- As of December 2021, an estimated 99% of K-12 students were once again learning in person. However, 88% of school staff expressed concern in March 2022 over being able to help their students reach normal academic standards by the end of the 2021-2022 school year.
- Since the pandemic began, one in four American women has considered leaving the workforce entirely, or at least downshifting their careers to care for children and family members.
- More than 40% of adults reported symptoms of anxiety or depressive disorder during the pandemic, compared to 1 in 10 prior to the pandemic.
- The U.S. experienced an alarming rise in the number of murders and fatal drug overdoses during the height of the pandemic in 2020 and 2021.
From Pandemic to Endemic
Some form of normalcy will eventually return, but COVID is here to stay. Pandemic diseases usually do not disappear, especially in countries with open borders. Instead, they eventually reduce to “endemic” status – a constant presence that spreads at predictable rates and can be managed within communities.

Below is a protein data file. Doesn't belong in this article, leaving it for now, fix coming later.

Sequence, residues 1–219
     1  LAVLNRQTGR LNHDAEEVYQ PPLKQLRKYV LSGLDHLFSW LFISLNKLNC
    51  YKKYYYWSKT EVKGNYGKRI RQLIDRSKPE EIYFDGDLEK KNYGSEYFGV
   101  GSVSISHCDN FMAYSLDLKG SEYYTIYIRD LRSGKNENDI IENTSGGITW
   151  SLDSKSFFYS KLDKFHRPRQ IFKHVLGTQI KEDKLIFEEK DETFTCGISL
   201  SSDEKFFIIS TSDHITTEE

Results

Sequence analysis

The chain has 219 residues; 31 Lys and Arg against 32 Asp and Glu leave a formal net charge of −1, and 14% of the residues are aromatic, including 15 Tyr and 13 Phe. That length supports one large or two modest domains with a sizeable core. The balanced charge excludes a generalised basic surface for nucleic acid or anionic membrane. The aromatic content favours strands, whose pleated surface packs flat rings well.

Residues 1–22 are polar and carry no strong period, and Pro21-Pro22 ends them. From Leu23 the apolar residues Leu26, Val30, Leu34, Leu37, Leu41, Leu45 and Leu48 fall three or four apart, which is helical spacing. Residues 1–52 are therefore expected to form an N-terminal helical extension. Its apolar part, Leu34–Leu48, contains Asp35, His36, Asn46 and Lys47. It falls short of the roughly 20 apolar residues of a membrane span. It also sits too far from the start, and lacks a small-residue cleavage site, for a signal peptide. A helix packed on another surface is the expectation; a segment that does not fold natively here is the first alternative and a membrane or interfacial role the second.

There is no set threshold for defining when a pandemic has evolved to endemic status. As time goes on, the focus of public health authorities will shift. Instead of concentrating on preventing transmission, they will work to reduce the ratio of severe illness and decrease the likelihood that health care systems will become overwhelmed.
Influenza is a former pandemic that remains with us in endemic status. Millions of Americans come down with the flu each year, and hundreds of thousands of them require hospitalization. Ultimately, tens of thousands will die annually from the disease or its complications. These numbers are expected and the healthcare system is prepared to handle them.
Impact on the American Way of Life
The pandemic has impacted the American way of life on both personal and professional levels. Once the pandemic ends, we will not return to the “old normal,” but rather a “different normal.” The pandemic has impacted how we live, where we work, how we work, when we work, and what we want out of work.